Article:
Investors are finding it hard to value the relatively new listing Heartland Bank NZ Ltd [HNZ.NZX]. It was listed on Jan 25 this year on the main board of NZX after a merger of CBS Canterbury, Southern Cross and the financial services business of PGC (MARAC), and has had some mergers and restructures since then when PPG Wrightson Finance was subsumed into HNZ and $55 million of capital was raised.
HNZ shares were trading at 88c on Feb 1 of this year and are currently trading at 61c as at close of business yesterday. Either the market has no faith in the value that management put on it or the company is undervalued.
The fact that the merged company has been trading in its present form since the beginning of the year means it doesn't have a long track record to prove its value to the market but with net tangible assets at 90c per share, there could be some money made here if those assets are quality ones and have been valued in terms of the current discount of assets in a global market with little appetite for risk.
The only downside that I see -and it is a big one - is its large debt burden of 1.9 billion and assets in the form of 1.75 billion in receivables and $285 million in cash or equivalents. (see Jan 2011 accounts) In the current climate where debt levels such as these have sunk other companies, this is probably the reason why investors have been a little cagey and the market has discounted the company and its shares.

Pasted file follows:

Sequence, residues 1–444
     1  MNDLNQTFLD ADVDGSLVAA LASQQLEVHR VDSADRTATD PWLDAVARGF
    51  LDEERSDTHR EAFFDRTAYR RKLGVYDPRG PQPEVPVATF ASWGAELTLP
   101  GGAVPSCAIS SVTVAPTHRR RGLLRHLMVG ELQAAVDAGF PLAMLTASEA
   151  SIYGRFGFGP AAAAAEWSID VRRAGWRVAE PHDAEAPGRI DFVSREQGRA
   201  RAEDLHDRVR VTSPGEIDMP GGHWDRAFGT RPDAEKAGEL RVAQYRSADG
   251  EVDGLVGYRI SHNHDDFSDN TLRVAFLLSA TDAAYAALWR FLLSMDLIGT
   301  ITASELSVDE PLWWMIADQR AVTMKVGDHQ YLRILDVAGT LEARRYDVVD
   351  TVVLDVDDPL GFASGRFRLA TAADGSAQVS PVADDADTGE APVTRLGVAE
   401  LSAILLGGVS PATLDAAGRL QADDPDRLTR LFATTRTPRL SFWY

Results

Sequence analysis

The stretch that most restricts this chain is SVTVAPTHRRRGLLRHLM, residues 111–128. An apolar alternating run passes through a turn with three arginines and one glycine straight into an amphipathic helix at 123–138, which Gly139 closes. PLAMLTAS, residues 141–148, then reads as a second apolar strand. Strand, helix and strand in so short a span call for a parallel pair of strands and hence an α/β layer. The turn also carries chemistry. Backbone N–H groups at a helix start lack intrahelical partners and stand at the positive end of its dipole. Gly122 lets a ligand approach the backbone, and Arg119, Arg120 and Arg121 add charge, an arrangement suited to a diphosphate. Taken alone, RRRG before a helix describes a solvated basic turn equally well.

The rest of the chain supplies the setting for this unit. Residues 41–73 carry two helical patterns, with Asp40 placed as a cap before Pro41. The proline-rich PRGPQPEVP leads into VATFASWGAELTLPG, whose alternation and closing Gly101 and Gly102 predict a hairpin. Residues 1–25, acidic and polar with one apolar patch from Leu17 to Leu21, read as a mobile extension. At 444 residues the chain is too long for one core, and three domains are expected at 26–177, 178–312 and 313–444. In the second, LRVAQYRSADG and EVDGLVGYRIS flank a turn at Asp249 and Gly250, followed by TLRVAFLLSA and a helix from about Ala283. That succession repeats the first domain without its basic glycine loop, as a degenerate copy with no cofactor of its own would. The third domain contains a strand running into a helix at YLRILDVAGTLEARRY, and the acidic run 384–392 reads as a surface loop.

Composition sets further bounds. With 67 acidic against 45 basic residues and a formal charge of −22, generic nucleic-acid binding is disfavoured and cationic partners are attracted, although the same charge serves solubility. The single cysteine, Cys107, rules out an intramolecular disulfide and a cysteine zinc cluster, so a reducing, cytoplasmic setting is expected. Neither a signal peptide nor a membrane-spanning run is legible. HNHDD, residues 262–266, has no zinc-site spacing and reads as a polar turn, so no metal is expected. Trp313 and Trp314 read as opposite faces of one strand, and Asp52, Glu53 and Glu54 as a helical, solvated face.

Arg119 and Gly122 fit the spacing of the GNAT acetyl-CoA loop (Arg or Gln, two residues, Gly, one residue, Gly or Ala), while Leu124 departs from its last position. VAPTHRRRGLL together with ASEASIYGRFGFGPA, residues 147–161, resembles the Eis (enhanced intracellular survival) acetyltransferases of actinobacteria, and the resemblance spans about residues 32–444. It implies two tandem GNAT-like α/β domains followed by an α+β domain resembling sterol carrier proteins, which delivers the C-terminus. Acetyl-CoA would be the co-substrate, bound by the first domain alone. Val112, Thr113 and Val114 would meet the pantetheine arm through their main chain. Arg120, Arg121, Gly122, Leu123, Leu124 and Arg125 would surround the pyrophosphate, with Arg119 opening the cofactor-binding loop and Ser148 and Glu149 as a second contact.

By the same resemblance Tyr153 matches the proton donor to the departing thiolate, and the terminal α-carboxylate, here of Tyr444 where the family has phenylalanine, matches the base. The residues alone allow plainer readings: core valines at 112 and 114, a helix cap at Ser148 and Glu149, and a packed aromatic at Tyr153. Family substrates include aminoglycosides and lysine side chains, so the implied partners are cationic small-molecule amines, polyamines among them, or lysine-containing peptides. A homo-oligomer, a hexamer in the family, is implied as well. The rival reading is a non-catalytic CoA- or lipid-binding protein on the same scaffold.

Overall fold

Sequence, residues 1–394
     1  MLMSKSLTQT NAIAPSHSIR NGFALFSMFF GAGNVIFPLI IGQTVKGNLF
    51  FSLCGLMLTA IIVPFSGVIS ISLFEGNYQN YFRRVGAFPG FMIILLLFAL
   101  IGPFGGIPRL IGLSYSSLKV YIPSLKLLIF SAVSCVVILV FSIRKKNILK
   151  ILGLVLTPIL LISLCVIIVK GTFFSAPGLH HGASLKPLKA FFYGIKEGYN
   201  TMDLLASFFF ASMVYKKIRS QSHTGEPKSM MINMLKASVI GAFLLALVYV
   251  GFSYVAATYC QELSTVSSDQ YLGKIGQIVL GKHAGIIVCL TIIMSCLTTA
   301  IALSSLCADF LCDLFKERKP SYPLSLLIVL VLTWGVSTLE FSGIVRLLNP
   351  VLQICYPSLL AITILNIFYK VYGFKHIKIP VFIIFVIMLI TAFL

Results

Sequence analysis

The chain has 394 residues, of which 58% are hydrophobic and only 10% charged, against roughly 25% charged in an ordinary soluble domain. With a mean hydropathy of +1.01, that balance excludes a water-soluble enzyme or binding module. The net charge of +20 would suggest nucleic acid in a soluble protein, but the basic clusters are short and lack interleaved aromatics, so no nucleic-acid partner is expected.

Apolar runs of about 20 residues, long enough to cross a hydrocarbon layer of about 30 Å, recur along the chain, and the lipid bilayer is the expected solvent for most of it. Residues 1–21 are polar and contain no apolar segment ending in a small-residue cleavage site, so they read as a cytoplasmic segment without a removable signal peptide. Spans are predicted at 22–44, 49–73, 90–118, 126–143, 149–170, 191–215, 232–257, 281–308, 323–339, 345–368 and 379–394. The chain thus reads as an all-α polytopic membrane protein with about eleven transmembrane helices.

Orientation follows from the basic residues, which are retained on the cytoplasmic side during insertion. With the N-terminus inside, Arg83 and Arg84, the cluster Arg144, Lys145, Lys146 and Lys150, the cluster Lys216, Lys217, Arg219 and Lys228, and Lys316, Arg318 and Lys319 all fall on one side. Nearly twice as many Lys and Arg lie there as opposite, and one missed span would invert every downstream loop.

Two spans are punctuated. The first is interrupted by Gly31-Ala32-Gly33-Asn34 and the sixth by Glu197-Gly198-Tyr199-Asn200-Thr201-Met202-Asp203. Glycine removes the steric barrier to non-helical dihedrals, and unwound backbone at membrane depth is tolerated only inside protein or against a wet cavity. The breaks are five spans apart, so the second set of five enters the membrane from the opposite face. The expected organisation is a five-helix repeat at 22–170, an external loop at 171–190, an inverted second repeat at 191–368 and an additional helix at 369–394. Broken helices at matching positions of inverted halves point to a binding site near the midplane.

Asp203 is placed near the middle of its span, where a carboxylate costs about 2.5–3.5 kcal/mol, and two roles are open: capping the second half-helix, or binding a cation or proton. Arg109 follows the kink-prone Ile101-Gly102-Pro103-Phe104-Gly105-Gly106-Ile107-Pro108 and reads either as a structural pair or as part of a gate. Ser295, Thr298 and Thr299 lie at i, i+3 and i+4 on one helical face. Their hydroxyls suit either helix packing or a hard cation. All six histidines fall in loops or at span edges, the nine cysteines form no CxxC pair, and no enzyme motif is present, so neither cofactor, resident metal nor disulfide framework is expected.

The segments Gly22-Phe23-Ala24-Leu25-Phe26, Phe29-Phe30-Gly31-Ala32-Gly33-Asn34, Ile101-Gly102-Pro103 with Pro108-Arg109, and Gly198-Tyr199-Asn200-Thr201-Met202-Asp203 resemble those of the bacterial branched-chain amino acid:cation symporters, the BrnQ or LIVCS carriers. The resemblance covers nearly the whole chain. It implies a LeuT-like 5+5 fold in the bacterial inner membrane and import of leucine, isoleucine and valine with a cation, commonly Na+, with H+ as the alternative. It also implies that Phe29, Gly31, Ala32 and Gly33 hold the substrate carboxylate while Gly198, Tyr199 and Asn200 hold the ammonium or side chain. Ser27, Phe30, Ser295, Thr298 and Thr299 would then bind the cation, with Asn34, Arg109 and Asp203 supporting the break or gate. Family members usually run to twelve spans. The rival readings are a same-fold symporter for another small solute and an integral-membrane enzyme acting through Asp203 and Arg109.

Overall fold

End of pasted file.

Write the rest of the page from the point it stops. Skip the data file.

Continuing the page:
HNZ's intention to become a fully fledged trading bank in due course means that investors that come in on the ground floor could be in for good long-term gains as the company grows and they are able to negotiate their way through a dire global financial situation and maintain their receivables accounts satisfactorily if things get worse and are able to tap future borrowing at good prices.
There is room for a private company such as this one. Its main competitors are TSB Bank and Kiwibank at this stage and the failure of Kiwibank to gain a strong foothold in business and its low value clients in personal banking leading to net losses over its 10 year lifespan will be incentive for Heartland to push on with capturing unsatisfied customers from that bank and the main ones as it grows.
Heartland has forecast an inaugural profit of between 6-8 million to be announced August 19 and investors will want to see that sustained and grown over the 2012 full year before Mum and Dad start climbing on board for a piece of the future action.
It might just be good value at 61c.
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